This Day in History: Nov. 12

On this day, Nov, 12 …

1927: Josef Stalin becomes the undisputed ruler of the Soviet Union as Leon Trotsky is expelled from the Communist Party.

Also on this day:

  • 1866: Chinese revolutionary Sun Yat-sen, the first provisional president of the Republic of China, is born.
  • 1920: Baseball gets its first “czar” as Judge Kenesaw Mountain Landis is elected commissioner of the American and National Leagues.
  • 1936: The San Francisco-Oakland Bay Bridge opens as President Franklin D. Roosevelt presses a telegraph key in Washington, D.C., giving the green light to traffic.
  • 1948: Former Japanese premier Hideki Tojo and several other World War II Japanese leaders are sentenced to death by a war crimes tribunal.
  • 1977: The city of New Orleans elects its first black mayor, Ernest “Dutch” Morial, the winner of a runoff.
  • 1987: The American Medical Association issued a policy statement saying it was unethical for a doctor to refuse to treat someone solely because that person has AIDS or is HIV-positive.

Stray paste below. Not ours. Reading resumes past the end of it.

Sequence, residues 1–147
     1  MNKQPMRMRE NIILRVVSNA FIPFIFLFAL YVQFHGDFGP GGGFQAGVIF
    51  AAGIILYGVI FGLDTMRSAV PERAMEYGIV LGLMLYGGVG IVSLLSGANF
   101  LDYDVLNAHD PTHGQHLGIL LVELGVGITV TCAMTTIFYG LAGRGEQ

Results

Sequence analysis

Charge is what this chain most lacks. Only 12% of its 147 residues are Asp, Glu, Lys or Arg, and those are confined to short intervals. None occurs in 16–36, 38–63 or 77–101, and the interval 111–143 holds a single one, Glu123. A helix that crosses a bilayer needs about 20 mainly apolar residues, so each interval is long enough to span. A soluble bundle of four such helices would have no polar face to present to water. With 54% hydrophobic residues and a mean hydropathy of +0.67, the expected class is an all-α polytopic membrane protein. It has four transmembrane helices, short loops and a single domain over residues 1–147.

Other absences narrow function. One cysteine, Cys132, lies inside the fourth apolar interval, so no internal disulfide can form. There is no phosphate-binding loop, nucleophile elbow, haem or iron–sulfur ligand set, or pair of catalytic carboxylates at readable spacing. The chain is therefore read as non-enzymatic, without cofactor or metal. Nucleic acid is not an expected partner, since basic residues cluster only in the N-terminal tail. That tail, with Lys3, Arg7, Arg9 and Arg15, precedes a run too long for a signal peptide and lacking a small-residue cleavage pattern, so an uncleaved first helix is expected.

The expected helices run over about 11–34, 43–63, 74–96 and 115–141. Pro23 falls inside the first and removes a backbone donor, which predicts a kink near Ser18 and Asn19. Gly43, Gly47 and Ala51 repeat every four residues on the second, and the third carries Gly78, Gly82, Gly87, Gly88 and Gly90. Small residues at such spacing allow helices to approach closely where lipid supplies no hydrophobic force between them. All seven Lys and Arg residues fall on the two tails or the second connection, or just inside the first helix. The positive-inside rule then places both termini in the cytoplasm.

• 1998: Chicago Mayor Richard M. Daley files a $433 million-dollar lawsuit against the firearms industry, declaring that it has created a public nuisance by flooding the streets with weapons deliberately marketed to criminals. (A judge would dismiss the lawsuit in 2000; an appeals court would rule in 2002 that the city of Chicago could proceed, but the Illinois Supreme Court would dismiss the lawsuit in 2004.)
  • 2001: American Airlines Flight 587, an Airbus A300 headed to the Dominican Republic, crashes after takeoff from New York’s John F. Kennedy International Airport, killing all 260 people on board and five people on the ground.
  • 2013: An international panel of architects announces that the new World Trade Center tower in New York would replace Chicago’s Willis Tower as the nation’s tallest building upon its completion.
  • 2017: Syndicated gossip columnist Liz Smith dies at the age of 94.